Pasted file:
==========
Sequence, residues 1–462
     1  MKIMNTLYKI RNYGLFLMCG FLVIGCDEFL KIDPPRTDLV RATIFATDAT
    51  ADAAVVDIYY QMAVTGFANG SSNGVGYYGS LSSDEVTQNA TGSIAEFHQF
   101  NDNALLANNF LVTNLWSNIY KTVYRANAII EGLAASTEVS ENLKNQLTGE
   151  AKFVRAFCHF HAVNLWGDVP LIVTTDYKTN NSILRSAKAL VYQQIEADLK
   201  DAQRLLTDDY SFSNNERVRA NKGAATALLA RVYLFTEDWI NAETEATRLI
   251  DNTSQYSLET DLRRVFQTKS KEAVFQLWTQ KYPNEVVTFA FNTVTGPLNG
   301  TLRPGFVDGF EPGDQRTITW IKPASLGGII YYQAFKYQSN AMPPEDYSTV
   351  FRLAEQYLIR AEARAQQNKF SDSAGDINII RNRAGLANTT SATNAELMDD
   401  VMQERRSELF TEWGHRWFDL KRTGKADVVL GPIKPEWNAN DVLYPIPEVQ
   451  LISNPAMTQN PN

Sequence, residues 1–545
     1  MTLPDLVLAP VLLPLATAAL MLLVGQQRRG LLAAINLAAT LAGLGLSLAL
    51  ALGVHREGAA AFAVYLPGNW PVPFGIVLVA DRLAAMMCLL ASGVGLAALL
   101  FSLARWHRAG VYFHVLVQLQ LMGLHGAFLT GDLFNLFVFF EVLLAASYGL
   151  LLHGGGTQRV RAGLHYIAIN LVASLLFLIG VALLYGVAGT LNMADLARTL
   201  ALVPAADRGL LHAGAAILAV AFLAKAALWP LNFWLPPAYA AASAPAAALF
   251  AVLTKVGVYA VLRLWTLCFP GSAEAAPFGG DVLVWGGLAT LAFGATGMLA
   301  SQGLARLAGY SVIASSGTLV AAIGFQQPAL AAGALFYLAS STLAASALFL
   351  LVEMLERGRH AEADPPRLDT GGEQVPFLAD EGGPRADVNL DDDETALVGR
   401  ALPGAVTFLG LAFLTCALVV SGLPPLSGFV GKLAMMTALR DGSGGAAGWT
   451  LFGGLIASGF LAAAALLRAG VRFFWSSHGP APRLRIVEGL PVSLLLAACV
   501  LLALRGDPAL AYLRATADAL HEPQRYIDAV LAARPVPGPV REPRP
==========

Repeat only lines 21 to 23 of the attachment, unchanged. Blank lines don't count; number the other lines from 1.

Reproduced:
   401  ALPGAVTFLG LAFLTCALVV SGLPPLSGFV GKLAMMTALR DGSGGAAGWT
   451  LFGGLIASGF LAAAALLRAG VRFFWSSHGP APRLRIVEGL PVSLLLAACV
   501  LLALRGDPAL AYLRATADAL HEPQRYIDAV LAARPVPGPV REPRP